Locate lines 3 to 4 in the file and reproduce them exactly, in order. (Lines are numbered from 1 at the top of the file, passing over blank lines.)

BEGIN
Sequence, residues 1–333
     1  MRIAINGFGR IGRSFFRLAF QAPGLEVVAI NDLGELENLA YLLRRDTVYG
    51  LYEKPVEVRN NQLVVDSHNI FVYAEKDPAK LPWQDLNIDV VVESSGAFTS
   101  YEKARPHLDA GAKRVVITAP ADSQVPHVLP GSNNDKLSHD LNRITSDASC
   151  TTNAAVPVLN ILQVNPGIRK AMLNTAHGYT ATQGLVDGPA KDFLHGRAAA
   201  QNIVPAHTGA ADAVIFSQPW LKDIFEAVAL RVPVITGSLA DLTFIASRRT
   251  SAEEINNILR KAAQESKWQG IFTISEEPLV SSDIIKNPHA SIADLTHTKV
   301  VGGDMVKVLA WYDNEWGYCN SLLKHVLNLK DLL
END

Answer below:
    51  LYEKPVEVRN NQLVVDSHNI FVYAEKDPAK LPWQDLNIDV VVESSGAFTS
   101  YEKARPHLDA GAKRVVITAP ADSQVPHVLP GSNNDKLSHD LNRITSDASC